This is getting serious.
According to a report from the US Federal Reserve the Average American Family’s net worth had already plunged almost 40% by 2010! Today, that average net worth is the same as it was in 1992.
Or, put another way, all that hard work involving long hours, few holidays or advanced learning (think Business Management courses) has been for naught.
Every reliable present and future indicator trends downward. The Report itself was compiled over a three year period. It is about ‘wealth destruction’ on a massive scale.
Much of the ‘eco-babble’ in the US these days has concentrated on the 1% who own just about everything. The Report suggests strongly that the crisis in many American homes has been brought on (or, at the very least, substantially caused by) the on-going global financial crisis.
And, if that wasn’t enough it would seem that the deterioration in net worth will continue for the next ….. (put your best guess here (√ ) in percentage terms.)
One really should not be making light of this situation. Much of the debate about consumers in the world’s advanced economies has focused upon the wealthy and the nouveaux-poor. Less is being spent on the High Street, and a higher proportion goes on necessities such as food, energy, cars.
The wealthy – not very surprisingly – are little constrained by hard times for others. In a world of private planes, bespoke clothing and several homes there is limited opportunity to meet economic betas other than in performing their roles as employees, servants, etc.
The big name fashion brands: Chanel, Bulgari, Lowe for example cater for that small group who have the money. But, it’s often overlooked that despite their specific markets most of these companies are today subsidiaries of very large corporations – they have deep pockets and a customer base that will spend if – and when – they feel like it.
There are also what might be called the Mega Mass Market brands: the likes of Nike, Puma and Ray-ban. Apart from the not very original observation that this list slants heavily towards footwear overall demand seems to have held up reasonably well.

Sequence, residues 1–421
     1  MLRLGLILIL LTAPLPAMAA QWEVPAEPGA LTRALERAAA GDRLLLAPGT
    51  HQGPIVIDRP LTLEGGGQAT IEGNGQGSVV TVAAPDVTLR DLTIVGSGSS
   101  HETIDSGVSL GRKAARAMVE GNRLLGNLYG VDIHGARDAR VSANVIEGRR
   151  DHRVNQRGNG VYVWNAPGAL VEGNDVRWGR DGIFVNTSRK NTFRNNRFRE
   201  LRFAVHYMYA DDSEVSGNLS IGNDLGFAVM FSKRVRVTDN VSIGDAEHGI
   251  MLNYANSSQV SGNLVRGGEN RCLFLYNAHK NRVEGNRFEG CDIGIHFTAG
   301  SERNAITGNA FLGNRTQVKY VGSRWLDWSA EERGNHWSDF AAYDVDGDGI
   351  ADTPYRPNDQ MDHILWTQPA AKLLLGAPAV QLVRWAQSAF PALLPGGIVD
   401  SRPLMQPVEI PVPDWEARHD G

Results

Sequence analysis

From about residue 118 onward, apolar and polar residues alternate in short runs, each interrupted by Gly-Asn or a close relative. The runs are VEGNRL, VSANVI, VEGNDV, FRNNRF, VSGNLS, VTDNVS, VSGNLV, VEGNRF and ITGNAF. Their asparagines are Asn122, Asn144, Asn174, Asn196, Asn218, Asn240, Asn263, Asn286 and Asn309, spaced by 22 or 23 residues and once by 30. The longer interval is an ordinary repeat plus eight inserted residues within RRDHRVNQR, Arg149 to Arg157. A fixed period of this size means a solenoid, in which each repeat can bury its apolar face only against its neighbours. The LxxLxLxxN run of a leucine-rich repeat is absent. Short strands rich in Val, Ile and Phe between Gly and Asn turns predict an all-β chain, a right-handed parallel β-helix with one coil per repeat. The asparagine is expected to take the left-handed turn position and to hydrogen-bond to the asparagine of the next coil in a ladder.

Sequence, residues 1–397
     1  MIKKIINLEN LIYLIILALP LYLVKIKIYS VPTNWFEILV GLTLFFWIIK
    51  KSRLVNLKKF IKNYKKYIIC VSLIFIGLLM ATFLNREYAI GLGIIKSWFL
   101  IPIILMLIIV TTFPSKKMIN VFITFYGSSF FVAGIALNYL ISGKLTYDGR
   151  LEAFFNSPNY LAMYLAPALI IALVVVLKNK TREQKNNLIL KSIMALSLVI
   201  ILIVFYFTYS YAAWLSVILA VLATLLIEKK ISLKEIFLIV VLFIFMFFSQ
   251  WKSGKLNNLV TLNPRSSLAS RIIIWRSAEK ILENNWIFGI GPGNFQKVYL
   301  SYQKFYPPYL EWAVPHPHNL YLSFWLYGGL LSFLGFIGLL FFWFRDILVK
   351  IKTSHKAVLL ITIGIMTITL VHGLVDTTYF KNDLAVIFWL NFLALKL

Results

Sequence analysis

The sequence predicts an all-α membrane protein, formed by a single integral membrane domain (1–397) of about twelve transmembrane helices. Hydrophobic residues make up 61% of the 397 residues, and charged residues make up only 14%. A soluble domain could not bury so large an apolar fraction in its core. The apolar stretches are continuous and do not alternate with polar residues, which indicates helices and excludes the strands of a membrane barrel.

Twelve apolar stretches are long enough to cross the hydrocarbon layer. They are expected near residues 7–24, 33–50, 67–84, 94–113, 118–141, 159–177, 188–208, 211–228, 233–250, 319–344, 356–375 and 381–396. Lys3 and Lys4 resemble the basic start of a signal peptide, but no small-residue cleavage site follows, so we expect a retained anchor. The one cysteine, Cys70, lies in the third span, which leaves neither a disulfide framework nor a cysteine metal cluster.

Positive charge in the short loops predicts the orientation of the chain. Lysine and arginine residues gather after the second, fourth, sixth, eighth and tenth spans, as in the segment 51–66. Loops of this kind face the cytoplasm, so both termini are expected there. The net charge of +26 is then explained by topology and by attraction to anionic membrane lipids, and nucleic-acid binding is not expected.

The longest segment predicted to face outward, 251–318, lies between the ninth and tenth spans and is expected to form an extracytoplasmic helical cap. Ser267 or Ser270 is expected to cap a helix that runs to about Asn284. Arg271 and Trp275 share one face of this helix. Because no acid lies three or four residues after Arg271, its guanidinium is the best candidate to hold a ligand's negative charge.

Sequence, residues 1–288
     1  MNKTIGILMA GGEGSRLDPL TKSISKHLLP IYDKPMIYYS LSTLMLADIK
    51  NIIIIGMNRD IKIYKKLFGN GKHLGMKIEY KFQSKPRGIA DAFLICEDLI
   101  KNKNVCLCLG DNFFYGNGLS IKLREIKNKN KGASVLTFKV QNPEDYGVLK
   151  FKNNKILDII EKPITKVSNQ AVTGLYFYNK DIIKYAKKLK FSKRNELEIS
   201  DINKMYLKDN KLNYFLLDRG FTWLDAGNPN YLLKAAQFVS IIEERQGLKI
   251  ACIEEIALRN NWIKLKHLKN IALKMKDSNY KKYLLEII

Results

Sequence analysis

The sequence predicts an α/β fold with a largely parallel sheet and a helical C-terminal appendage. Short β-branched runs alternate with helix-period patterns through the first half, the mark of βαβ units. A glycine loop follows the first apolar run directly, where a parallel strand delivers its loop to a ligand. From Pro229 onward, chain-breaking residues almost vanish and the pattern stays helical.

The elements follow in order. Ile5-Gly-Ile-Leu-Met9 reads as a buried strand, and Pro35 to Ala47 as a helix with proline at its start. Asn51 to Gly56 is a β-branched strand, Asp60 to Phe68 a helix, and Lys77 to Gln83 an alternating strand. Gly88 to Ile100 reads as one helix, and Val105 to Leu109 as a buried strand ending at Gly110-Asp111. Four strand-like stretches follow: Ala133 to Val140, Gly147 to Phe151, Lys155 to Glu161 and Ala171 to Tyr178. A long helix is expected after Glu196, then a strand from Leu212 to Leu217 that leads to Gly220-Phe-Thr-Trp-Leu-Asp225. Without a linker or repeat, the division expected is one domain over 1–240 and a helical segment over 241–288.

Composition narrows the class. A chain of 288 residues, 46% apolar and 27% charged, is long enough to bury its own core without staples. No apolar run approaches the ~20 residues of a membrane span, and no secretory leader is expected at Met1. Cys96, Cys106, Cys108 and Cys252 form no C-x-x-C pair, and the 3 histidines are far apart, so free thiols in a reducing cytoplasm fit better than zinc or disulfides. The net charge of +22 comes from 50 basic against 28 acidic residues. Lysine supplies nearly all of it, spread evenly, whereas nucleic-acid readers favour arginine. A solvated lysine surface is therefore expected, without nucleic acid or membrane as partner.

Small- to Medium size fashion suppliers find themselves in something of a bind.
The traditional markets of Europe, the US and Japan that previously took almost everything these companies produced are now scaling back. There is very little likkelihood that they will return to boom conditions anytime soon – if ever.
SO, WHAT TO DO?
With markets so fragmented,and global demand diminishing by the day (or so it seems) where should that SME look for new markets?
Well, one place he should not look. Let’s rephrase this: he should place little reliance on exporting to Europe, the US or Japan. Basically, these economise are ‘shot’. Sales can still be made, but they are likely to prove conracting in both volume and value over the near future.
And, keeping the best ‘til last: there are the new emerging markets. Their Middle Class have the money and, of equal importance, a readiness to spend. The fact that these nations are among the world’s most populouse – like China, like India, like Indonesia. like Nigeria, like Brazil …. Well, you see where we’re going.
Er, Where are we going?
For starters there’s the All China Leather Exhibition, running 4 – 6, September 2012 in Shanghai. It’s the one time of the year when smaller companies – armed with nothing other than good products and keen prices, can get in front of major Chinese buyers.
And, for those seeking openings in a Pan-Asia setting will exhibit in March next year at the APLF Leather Fair in Hong Kong.
As one door shuts (slams)!, others open: but you’ll have to put your shoulder to it.